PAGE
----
adequate knowledge of religious things, and at the same time a perfect confidence in reason as qualified to prove that negative and to determine the contents of the revelation.? We might claim the historical truth of the gospels, even if we did not call them inspired. Gore, in Lux Mundi, 341 ? ?Christianity brings with it a doctrine of the inspiration of the Holy Scriptures, but is not based upon it.? Warfield and Hodge, Inspiration, 8 ? ?While the inspiration of the Scriptures is true, and being true is fundamental to the adequate interpretation of Scripture, it nevertheless is not, in the first instance, a principle fundamental to the truth of the Christian religion.?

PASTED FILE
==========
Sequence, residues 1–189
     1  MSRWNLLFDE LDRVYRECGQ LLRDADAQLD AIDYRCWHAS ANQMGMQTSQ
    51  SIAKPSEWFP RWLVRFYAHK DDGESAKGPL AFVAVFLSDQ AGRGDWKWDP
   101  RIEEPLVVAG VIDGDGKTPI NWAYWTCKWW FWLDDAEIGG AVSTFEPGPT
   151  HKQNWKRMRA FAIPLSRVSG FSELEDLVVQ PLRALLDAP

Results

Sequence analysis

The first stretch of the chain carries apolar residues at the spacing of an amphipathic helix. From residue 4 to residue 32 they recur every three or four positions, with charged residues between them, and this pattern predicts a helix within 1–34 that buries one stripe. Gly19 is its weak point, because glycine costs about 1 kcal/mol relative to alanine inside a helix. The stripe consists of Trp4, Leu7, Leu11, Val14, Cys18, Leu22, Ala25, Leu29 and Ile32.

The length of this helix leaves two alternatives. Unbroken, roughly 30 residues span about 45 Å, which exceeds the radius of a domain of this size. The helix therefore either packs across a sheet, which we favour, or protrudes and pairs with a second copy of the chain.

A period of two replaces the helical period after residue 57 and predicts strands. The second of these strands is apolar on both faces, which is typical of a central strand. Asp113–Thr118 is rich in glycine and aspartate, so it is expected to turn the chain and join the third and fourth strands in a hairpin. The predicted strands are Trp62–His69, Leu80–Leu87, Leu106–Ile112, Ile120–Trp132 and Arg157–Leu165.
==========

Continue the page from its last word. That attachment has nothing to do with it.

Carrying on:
On the Idea of Revelation, see Ladd, in Journ. Christ. Philos., Jan. 1883:156-178; on Inspiration, ibid ., Apr. 1883:225-248. See Henderson on Inspiration (2nd ed.), 58, 205, 249, 303, 810. For other works on the general subject of Inspiration, see Lee, Bannerman, Jamieson, Macnaught; Garbett, God?s Word Written; Aids to Faith, essay on Inspiration. Also, Philippi, Glaubenslehre, 1:205; Westcott, introd. to Study of the Gospels, 27-65; Bibliotheca Sacra, 1:97; 4:154; 12:217; 15:29, 314; 25:192-198; Dr. Barrows, in Bibliotheca Sacra, 1867:593; 1872:428; Farrar. Science in Theology, 208; Hodge and Warfield, in Presb. Rev., Apr. 1881:225-261; Manly, The Bible Doctrine of Inspiration; Watts, inspiration; Mead, Supernatural Revelation, 350; Whiton, Gloria Patti, 136; Hastings. Bible Dictionary, 1:296-299; Sanday, Bampton Lectures on Inspiration.
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